#IMHO: Wither the Wizards, Pop vs. Kawhi, and the surprising Kings, Raptors

Grind City Media’s Lang Whitaker and Michael Wallace have been covering the NBA since shorts were short and socks were long, but their opinions about the League don’t always mesh. #IMHO is their weekly chance to weigh in on the most pertinent news from around the NBA. What’s lit? What’s lame? Find out each week right here.

From: Lang Whitaker
Sent: Tuesday, November 27, 2018 9:27 AM
To: Michael Wallace
Subject: #IMHO

Hey Mike,

So, everyone in Philadelphia should be happy, right? They trusted the process, even when it wasn’t easy to trust, and were patient through injury recovery and burner Twitter accounts. And now everything seems to be coming together – the Sixers are in third place in the East and they’ve still got five first round picks coming up in the next three years. Things are looking great!

But what in the world is going on with Markelle Fultz? We hear that his shoulder is a problem, or maybe it’s a mental thing where he has the yips, or… well, frankly, I don’t know if anyone knows exactly what is the real deal. So let’s say you’re Sixers GM Elton Brand: What do you do? Keep Fultz, who you traded up to get with the number one overall pick just a year ago? Trade him for whatever you can get and keep building?

Markelle Fultz

From: Michael Wallace
Sent: November 27, 2018 10:29 AM
To: Lang Whitaker
Subject: RE: #IMHO

I’m still skeptical of so-called ‘Process’ in Philly. That ‘Process’ also produced Nerlens Noel, Jahlil Okafor and Michael Carter-Williams. Remember them? I don’t blame you if you don’t. The Sixers are in the solid position they are today just as much because of some prudent and shrewd moves made by the post-Process regime as they are due to the administration that spent years gutting the franchise. Fast-forward to now, Fultz clearly was a mistake. Not only was it a bad pick, but the Sixers also gave up assets to land him. Even in a best-case scenario, his potential skillset doesn’t fit alongside Ben Simmons and Jimmy Butler. He’s not worth all the fuss he’s causing right now. If our guy Elton Brand can move him for a late first – San Antonio and New Orleans come to mind as potential great spots – then, I’d do it immediately.

Speaking of the Spurs, Lang, we know Gregg Popovich gets plenty of passes from the media, largely for two reasons. He’s respected for all the winning. He’s also feared by many because of his at times publicly abrasive nature. That said, was it cool for Pop to take that not-so-subtle jab at ex-Spur Kawhi Leonard’s leadership – or lack thereof – the other day with reporters?

Gregg Popovich

From: Lang Whitaker
Sent: Tuesday, November 27, 2018 2:39 PM
To: Michael Wallace
Subject: #IMHO

Pop doesn’t seem to be able to do any wrong, Mike, even when he’s being salty along the sidelines. (Fun story: The first time I met him years ago, I was introduced as being from SLAM magazine, and Pop responded, with a grin, “Oh SLAM…that’s kind of like US News and World Reports, right?”) The thing is, I think we’re mostly ok with him acting like his heart is two sizes too small because we know it’s an act. (Well, for the most part.) We know he can be thoughtful and caring, and he and Steve Kerr are arguably the most woke coaches in the NBA. So if he wants to be Mr. Grinch from time to time, I’m cool with it. And if he wants to speak on things most coaches wouldn’t touch with a thirty-nine-and-a-half foot pole, I’m all for letting him speak out.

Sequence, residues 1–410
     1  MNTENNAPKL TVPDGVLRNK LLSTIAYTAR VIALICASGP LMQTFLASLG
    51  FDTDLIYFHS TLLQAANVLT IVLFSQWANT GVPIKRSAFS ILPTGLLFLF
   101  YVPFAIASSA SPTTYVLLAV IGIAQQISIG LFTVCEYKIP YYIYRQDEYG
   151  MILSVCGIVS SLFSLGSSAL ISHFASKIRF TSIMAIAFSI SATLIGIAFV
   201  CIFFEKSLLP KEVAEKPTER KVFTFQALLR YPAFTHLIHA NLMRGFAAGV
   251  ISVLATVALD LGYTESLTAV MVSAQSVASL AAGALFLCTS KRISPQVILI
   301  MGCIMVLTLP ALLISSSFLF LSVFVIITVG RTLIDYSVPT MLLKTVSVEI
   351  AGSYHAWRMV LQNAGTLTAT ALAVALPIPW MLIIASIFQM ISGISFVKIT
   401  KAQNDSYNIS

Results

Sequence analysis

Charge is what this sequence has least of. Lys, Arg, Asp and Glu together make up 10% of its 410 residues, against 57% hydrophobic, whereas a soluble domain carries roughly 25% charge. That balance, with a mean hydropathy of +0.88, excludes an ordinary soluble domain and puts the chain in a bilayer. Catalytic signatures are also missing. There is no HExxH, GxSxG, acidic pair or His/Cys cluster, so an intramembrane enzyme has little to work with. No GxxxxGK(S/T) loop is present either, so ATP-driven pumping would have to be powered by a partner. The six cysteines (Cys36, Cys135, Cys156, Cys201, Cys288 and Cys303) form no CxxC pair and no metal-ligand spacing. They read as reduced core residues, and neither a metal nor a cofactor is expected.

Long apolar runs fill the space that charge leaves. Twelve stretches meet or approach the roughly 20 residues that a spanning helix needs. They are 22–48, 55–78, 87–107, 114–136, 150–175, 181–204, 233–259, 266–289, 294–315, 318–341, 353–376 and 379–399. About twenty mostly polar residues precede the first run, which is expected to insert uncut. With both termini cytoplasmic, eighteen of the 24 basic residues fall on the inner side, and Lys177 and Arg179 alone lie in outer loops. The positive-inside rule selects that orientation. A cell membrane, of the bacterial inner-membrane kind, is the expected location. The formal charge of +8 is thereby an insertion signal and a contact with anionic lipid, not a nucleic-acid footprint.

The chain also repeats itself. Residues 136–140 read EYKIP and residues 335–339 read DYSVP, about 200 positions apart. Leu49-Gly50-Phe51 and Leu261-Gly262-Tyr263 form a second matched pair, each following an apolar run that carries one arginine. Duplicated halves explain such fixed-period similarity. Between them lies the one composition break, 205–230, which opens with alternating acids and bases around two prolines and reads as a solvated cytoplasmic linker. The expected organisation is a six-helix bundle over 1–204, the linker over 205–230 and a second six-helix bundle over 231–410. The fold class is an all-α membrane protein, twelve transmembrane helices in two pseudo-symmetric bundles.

And speaking of speaking out, last week in Washington a simmering situation seemed to boil over. The Wizards have always walked a fine line as they tried to construct a dynasty around John Wall and Bradley Beal, but even with a win over Houston earlier this week, I’m not sure that this time there’s any way to salvage the mess in DC. Should they stick with the plan? Or is it time to drain the swamp in Washington?

John Wall argues with ref

From: Michael Wallace
Sent: Tuesday, November 27, 2018 8:42 PM
To: Lang Whitaker
Subject: #IMHO

The Wizards probably have no choice other than to let this play out a bit longer. Have you seen their salary sheet? They’ve basically got three max guys, including Wall’s supermax kicking in. I know we can sometimes be prisoners of the moment and blow things out of proportion these days. Remember when the Rockets were supposed to be imploding last month? How about the other week, when that beef between Kevin Durant and Draymond Green supposedly had the Warriors’ dynasty at the point of no return? In hindsight, only the Jimmy Butler saga in Minnesota HAD to be dealt with in relative short order. I’m not saying the Wizards are Eastern Conference finals fixable. But last I checked, they were one spot out of playoff position. A trade or two may be ultimately inevitable in Washington. Just not necessarily imminent. I’d give it another 10-15 games before pushing the panic button.

We’ll wrap on this, Lang. All three games on the NBA Thursday slate are absolutely intriguing (Warriors-Raptors, Pacers-Lakers, Clippers-Kings). All things considered, good and bad, which of the six teams is having the most surprising season? I’m tempted to take the Warriors (relative struggles) or Clippers (stunningly stable). But I’ve gotta go with the Kings. They landed the least productive of the top-five picks so far. They’ve benched nearly all their vets in favor of a youth movement. There was reportedly an internal coup attempt to run out coach Dave Joerger. Yet, they’re still off to one of their best starts in years at 10-10 through 20 games and in playoff position. Who are these Kings, yo!

DeAaron Fox and OG Anunoby

From: Lang Whitaker